Am I Really Hired?

Kacy writes:

I was hired as a PA on a new show for a big company. They weren’t sure when production would be starting and said they would email me once they had more information. They thought production would start sometime around mid-August.

It’s mid-August and I haven’t received anything yet. I have emailed and called, but no one has returned anything. I’m getting nervous. Are they so busy that they haven’t had time? They haven’t thought about calling the PA’s? Will they call me the night before I have to come in? Did they forget they hired me? I’m confused and scared because I want this so much. Any advice?


Unfortunately, this is a thing that happens all the time, and it could have any number of explanations.

They might be too busy to call right now, putting off your call until they need you. Maybe the show’s start date has been pushed back, for some reason. Maybe a deal fell through, and it’s not going at all. Or, maybe somebody owes somebody else a favor, and your job has been given away to an actor’s nephew.

There is simply no way to know. But if they changed their mind about hiring you, for whatever reason, that’s going to be an awkward conversation. Most people figure if they ignore your emails/phone calls long enough, you’ll stop bugging them, and they won’t have to have that conversation. It’s a weaselly thing to do, but certainly understandable.

The truth is, you don’t have the job until you walk in the door on the first day. If someone offers you a job at some date in the future, that’s nice, but keep looking for work. If you do get another job, you owe a phone call to the person who first offered you a job: “Hey, so-and-so offered me a job on a show that starts next Tuesday. Are we still on, or should I take it?”

Sorry for the bad news.

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3 Responses

  1. I got a job on a rather large dating show on a rather large network.. You can put the two together! I figured it would be a great starting point as a PA! Right? It was my past production manager that hired me on the job..

  2. This is something that happens pretty frequently. I’m a production secretary, and it still happens sometimes.

    Back in March, I was available for work. I sent out a big “hey guys give me a job” email to my work friends, and I got maybe three bites. All of these emails said some variation on Kacy’s situation: “I know of a job starting up soon, stand by for more info as we get closer.”

    Two of the three potential jobs never even contacted me. I guess those dried up, or they went with someone else. The third friend called me the following day with concrete info about a job starting up maybe tomorrow, maybe next week, but definitely extremely soon. Yay!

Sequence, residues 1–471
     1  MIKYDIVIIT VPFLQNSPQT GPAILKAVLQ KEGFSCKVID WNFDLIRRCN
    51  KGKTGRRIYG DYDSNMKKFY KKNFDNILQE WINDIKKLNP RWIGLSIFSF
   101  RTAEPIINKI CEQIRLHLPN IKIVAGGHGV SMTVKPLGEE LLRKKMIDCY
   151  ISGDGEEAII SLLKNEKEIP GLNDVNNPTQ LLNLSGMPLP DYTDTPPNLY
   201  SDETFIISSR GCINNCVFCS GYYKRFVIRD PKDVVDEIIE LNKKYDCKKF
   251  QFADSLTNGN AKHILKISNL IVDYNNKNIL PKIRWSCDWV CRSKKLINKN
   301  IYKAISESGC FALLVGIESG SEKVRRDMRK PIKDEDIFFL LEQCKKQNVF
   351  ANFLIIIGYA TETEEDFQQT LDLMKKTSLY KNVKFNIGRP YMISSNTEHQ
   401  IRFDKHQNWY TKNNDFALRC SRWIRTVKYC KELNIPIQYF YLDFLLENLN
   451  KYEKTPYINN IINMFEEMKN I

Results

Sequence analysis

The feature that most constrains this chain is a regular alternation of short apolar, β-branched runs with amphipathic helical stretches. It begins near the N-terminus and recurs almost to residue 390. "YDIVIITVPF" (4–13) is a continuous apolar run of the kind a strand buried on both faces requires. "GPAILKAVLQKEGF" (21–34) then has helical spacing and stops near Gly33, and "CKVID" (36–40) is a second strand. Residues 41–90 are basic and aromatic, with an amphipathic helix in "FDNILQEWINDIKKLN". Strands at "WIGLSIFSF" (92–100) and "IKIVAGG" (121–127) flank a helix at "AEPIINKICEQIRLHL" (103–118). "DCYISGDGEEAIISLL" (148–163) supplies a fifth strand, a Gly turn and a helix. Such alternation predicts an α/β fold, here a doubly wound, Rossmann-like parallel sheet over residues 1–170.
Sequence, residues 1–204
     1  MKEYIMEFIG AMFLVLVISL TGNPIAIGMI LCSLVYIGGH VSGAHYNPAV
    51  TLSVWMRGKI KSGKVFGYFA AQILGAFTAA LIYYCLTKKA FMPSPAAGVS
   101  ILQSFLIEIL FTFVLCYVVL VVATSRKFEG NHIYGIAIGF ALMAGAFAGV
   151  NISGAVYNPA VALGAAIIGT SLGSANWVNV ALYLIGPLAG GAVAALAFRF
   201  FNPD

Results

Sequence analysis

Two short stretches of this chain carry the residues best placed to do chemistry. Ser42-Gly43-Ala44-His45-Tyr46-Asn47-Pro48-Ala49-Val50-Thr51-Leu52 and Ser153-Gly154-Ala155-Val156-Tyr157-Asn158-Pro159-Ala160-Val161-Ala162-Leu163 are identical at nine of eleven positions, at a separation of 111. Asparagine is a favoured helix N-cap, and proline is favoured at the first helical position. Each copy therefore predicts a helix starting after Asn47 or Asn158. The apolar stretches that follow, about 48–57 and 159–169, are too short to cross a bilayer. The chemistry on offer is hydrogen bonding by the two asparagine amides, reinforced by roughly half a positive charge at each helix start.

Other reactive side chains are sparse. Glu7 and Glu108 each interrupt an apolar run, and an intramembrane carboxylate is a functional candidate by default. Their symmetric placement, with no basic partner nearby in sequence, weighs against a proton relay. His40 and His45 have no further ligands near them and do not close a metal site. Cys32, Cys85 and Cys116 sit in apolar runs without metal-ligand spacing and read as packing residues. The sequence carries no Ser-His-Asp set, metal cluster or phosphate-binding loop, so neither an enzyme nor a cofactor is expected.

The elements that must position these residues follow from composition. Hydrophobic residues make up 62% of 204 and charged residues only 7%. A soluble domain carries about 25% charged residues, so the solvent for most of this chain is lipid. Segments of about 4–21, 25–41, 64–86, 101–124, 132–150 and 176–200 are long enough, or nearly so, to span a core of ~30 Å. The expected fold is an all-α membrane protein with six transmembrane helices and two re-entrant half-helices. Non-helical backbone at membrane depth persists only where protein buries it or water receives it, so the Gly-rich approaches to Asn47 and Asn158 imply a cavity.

Tomorrow came and went. Nothing. Finally several days later I got another call — not greenlit yet, but the producer needs a body to help out, so stand by for a call from her about maybe working tomorrow. No call.

    Finally, a week later I’m out with friends and I get another call from my friend. Can I work tomorrow? The project isn’t green lit, but they definitely want to start someone tomorrow. Huzzah, gainful employment!

    I show up for my first day, at a different production office for a totally unrelated movie, because that’s where the UPM is based. They have no idea what they even need me to do. I spend the day reading the script, eating lunch, and doing start paperwork.

    End of day comes. They’re not sure what’s up. They might be signing a lease on a production office tomorrow. Can I meet the UPM there at 9am, maybe?

    That happens, thankfully. I’m hired on for the rest of the week, at least. Pretty much alone, and with a list of tasks that all need to be accomplished with no money, no supplies, and no resources. Woooo!

    I spend a week or so like that, going out of pocket for lunch and doing very little because there’s not much I can do without money and/or a staff. There’s no money and no PAs because the movie’s not green lit yet.

    Finally, they send me home. There’s still no green light, still nothing I can do.

    After several days sitting home and weighing my options (and after maybe 10 total days of work on this non-green lit project with no accountant to even cut me a paycheck), it all FINALLY comes together and I end up working from the end of March through July.

    I did not get paid for those ~10 early workdays until sometime in April, by the way.

    You should definitely always be prepared for situations like this. It’s a very unstable industry, and you should always have your ear to the ground and your finger in as many pies as possible. If you’re not established enough to be able to scare up a job at short notice or coast from gig to gig, you should definitely concentrate on having some source of income. Because there’s just so much that can go wrong.

  3. I just got done working as a PA here in Texas. Some of my new “friends” (I won’t say the N word!) told me to come out to LA and become a production assistant. What are your thoughts? I know that they can easily assist me inverting work but is it worth it? I’d love to do it full time but I’m not sure what the pay is and moving 1300 miles away is a huge step.

    What are your thoughts?

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